Film Review: The Guilt Trip (2012)

the guilt tripTis the season for the diva to be handing out parenting tips via the silver screen. First Bette Midler (alongside Billy Crystal) taught Marisa Tomei that her modern family techniques were not up to snuff in Parental Guidance. Now, in The Guilt Trip, Barbra Streisand explores similar fractured parental-adult child relationships under the guise of a family comedy.

Andy Brewster (Seth Rogan) is an inventor who has made an environmentally safe and non-toxic cleaning product. About to embark on a cross country sales pitch trip, Andy invites his vocally overbearing mother Joyce (Barbra Streisand). Andy does of course have an ulterior motive for bringing his mother, which is naturally unbeknownst to her (cue third act conflict). Separated from the familiar road trip/buddy slapstick hijinks, The Guilt Trip instead focuses on the relationship between mother and son.

Dan Fogelman‘s idea is rather noble, but does not effectively engage the viewer with enough material. Sure, it is funny in parts, and moving too towards the conclusion, but it is simply not enough to reach the desired impact that it probably deserves. That is not to say that The Guilt Trip is a terribly bad film, but it simply lacks a punchy script. Situations are predictable as well as the inevitable conflict resolution and conclusion.the guilt trip poster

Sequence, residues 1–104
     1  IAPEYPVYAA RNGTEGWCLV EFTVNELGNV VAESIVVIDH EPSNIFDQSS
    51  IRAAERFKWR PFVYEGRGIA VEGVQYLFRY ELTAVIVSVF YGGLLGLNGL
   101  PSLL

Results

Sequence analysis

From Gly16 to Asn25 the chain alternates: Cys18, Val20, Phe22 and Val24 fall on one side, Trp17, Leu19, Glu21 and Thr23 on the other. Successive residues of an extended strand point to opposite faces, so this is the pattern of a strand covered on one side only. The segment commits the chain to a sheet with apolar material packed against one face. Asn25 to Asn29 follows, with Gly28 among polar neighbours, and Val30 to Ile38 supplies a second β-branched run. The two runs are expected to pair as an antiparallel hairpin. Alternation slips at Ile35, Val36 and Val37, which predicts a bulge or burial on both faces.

Streisand and Rogan do have an immediate chemistry and are incredibly believable as mother and son, but Fogelman’s script does not allow them to appropriately take flight. Despite this, Streisand and Rogan both manage to give fine performances. Anne Fletcher‘s direction is also fairly standard, and at best allows Streisand to just get away with playing a character aged 15 years younger than the actress herself.

Another strange moment comes when Joyce, a woman struggling with weight issues, partakes in an eating contest, attempting to consume a large 50 oz steak in a Texas restaurant. It is a moment that facilitates a cowboy gentleman caller than actually providing comedic slapstick, which is simultaneously admirable and yet still darn right strange.

SNL alum Nora Dunn manages to steal a couple of laughs in just a couple of minutes, while Adam Scott, Kathy Najimy and Miriam Margolyes all make quick appearances that surely could have better utilised their widespread comedic talents.

Neither draining not terribly entertaining, The Guilt Trip is an average film and missed opportunity for two actors capable of much, much more.

The Guilt Trip is in Australian cinemas from 24 January through Paramount Pictures.

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